The Pavarotti and Friends Collection celebrates the internationally renowned charity concert series that brought together the world's greatest pop performers with the greatest international classical star, Luciano Pavarotti.
This studio recording was made in 1989 coinciding with a memorable production from the Metropolitan Opera, later captured on DVD. It's a delightful performance, and a wonderful highlight of Pavarotti's later career. Kathleen Battle's sparkling soprano is a brilliant accompaniment to Pavarotti's still-ringing tone.
"Pavarotti's voice was still beautiful and pliable, his phrasing exquisite. And he loved the role of Nemorino and always seemed happy with both its comedy and pathos–he steals every scene he's in, and no one minds…Kathleen Battle sings Adina with perfect, pearl-like tone, absolute fluency and commitment, and a trill to die for…Enzo Dara is an ideal Dulcamara, just the right combination of huckster and sentimentalist, with ease in every register and with fast music."
– Robert Levine, ClassicsToday.com
“Sutherland's singing here is brighter and fresher than her earlier recording, with the lovely aria 'Qui la voce' no longer a wordless melisma…The recording is vivid and atmospheric and one marvels at Bellini's gorgeous melodies…with Sutherland, Bonynge and all on electrifying form.” (The Penguin Guide)
For me, this recording represents the absolute epitome of bel canto singing, with Pavarotti spinning endless golden tone as Fernand and Fiorenza Cossotto showcasing that indomitable chest-voice as Leonora.–Katherine Cooper
Reissue with the latest remastering. Comes with liner notes. Grand Prix Du Disque De L'académie Charles Cros 1959. Recorded at the celebrated Club Saint Germain, the formation presented here marks the third incarnation of Art Blakey’s Jazz Messengers, with trumpeter Lee Morgan (then only 20 years old), tenor saxophonist Benny Golson, pianist Bobby Timmons and bassist Jymie Merrit. For the last two tunes, bop drum pioneer Kenny Clarke (who was living in Paris) substitutes Blakey. Besides the individual gifts of each member, the group forms a compact unit with a cohesive sound. “We play modern jazz”, explained Blakey during a 1958 interview, “and to understand it you mus listen. We study, we rehearse. The Jazz Messengers are very serious about getting the music across to you. If you don’t want to listen, maybe the person sitting next to you does.”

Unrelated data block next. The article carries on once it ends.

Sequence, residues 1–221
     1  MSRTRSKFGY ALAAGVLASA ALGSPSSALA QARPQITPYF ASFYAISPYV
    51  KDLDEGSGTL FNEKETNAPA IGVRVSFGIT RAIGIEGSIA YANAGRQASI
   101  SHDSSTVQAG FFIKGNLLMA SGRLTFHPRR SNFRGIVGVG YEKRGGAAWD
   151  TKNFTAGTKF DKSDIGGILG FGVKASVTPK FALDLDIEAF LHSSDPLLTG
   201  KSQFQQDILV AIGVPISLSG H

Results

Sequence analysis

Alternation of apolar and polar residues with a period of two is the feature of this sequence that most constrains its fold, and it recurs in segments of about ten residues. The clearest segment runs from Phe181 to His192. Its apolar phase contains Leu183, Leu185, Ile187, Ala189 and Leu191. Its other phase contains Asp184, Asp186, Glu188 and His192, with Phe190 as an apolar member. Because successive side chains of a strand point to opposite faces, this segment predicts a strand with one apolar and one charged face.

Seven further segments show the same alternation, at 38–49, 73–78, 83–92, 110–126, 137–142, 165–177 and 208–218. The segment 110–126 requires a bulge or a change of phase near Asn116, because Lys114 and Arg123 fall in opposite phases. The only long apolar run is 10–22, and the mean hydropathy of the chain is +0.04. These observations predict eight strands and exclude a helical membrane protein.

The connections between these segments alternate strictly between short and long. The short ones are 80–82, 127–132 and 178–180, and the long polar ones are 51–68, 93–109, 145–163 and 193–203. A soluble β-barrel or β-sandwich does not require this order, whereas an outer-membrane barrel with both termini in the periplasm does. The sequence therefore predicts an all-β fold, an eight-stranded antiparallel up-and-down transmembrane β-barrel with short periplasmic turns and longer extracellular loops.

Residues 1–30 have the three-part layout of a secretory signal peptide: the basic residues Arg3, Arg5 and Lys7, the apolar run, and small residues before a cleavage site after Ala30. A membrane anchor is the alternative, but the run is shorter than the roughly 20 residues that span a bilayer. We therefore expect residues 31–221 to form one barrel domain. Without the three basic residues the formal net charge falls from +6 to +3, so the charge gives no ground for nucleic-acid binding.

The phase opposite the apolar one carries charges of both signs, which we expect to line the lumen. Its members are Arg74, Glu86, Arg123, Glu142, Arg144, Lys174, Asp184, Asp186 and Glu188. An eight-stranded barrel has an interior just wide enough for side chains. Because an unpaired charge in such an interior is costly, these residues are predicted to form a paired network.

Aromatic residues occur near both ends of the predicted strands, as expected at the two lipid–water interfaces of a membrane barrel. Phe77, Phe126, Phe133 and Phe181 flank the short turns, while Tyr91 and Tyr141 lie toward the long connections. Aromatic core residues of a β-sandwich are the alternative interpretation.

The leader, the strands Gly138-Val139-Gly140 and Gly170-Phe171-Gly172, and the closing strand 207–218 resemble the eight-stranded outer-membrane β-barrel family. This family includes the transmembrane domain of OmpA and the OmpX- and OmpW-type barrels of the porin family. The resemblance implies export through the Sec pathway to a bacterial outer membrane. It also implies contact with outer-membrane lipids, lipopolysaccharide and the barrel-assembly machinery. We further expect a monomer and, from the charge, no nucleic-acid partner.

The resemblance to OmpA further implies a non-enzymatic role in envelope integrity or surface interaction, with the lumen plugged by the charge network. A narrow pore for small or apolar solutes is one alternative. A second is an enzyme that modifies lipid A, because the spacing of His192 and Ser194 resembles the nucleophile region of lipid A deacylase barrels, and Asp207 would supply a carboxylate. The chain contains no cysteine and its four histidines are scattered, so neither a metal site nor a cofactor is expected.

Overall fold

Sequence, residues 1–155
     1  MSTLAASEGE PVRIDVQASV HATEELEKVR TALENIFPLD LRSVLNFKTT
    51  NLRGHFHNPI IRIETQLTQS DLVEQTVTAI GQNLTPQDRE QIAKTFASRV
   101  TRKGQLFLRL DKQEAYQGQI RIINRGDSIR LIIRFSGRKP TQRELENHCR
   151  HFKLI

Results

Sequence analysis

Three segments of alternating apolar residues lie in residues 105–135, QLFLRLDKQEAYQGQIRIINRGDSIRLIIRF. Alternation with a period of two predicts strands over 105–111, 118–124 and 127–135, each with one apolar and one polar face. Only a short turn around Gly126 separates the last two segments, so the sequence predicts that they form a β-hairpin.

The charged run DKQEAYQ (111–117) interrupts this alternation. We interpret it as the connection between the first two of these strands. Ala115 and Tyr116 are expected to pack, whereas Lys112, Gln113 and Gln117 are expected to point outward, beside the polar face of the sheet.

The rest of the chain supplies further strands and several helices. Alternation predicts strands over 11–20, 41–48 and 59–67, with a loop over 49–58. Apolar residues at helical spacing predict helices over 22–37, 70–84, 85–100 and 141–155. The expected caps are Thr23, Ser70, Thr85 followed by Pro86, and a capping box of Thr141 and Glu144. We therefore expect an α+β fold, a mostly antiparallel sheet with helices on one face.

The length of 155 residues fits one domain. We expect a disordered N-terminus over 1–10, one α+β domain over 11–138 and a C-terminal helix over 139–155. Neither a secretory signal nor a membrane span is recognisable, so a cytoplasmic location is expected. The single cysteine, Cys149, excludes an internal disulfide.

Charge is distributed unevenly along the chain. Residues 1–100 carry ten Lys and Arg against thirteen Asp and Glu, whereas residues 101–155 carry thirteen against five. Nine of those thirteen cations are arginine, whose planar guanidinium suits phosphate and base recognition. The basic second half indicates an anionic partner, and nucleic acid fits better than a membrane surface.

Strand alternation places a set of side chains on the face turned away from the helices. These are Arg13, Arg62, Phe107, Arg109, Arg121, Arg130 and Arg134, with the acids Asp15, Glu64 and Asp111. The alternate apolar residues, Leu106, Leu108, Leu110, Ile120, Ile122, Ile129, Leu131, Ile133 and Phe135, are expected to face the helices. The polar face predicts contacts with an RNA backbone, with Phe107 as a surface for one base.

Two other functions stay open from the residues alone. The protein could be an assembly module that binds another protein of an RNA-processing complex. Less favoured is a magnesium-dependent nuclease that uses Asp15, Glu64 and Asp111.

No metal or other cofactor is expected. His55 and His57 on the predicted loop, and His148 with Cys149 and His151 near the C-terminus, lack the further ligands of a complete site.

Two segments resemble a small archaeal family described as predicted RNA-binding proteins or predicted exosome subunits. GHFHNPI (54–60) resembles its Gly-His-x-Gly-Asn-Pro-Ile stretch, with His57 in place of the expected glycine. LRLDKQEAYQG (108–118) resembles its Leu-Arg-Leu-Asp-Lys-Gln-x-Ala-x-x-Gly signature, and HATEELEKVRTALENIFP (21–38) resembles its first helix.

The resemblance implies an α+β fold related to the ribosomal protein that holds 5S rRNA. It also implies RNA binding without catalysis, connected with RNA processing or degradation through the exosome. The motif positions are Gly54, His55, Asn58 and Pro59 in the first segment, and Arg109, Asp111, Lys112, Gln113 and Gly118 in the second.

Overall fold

Beniamino Gigli was the most popular and successful Italian tenor in the first half of the 20th century. Acclaimed as the second Caruso, he was a great popular favourite both on the operatic stage and the concert platform from his debut in 1914 to his retirement in 1955.
Gigli recorded extensively for HMV (now EMI) and his records were among the company's best sellers for many years.